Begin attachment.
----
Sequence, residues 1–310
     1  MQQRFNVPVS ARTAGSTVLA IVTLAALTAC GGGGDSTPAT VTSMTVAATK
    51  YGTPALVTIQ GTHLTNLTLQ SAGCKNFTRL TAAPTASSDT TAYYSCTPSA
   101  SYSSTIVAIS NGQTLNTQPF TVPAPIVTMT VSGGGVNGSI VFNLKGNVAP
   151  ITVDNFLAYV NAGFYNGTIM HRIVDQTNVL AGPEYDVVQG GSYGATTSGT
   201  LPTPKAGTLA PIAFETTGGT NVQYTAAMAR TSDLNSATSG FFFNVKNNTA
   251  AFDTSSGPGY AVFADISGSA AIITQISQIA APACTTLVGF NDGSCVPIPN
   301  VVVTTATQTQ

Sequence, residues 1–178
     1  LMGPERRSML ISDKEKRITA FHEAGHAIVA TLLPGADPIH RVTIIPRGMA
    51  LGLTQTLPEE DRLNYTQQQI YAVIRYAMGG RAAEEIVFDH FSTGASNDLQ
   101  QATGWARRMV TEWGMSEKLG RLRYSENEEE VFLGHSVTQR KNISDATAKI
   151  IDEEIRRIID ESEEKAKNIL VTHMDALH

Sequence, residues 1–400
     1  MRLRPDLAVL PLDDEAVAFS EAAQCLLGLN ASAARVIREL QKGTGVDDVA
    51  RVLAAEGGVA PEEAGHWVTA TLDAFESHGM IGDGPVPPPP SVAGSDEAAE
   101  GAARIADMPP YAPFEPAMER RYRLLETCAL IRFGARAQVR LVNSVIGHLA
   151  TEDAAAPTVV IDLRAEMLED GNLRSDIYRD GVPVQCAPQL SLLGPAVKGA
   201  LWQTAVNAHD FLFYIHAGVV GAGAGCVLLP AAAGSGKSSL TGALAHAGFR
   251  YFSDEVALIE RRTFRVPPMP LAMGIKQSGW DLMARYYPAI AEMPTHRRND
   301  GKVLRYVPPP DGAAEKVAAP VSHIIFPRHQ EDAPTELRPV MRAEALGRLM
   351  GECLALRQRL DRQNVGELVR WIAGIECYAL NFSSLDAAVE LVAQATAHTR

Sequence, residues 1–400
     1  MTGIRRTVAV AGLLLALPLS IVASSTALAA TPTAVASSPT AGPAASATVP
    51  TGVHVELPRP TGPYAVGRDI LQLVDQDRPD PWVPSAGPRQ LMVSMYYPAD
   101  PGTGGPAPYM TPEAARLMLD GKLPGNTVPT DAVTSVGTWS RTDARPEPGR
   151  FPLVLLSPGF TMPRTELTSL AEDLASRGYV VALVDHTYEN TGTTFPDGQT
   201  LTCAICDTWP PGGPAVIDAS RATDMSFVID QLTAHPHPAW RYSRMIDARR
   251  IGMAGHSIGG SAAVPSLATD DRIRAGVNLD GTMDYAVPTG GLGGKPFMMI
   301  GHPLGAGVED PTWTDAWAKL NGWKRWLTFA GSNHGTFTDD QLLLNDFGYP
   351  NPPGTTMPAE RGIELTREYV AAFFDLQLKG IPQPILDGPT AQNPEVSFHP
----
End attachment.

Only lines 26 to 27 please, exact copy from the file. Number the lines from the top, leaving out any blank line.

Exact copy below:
   101  PGTGGPAPYM TPEAARLMLD GKLPGNTVPT DAVTSVGTWS RTDARPEPGR
   151  FPLVLLSPGF TMPRTELTSL AEDLASRGYV VALVDHTYEN TGTTFPDGQT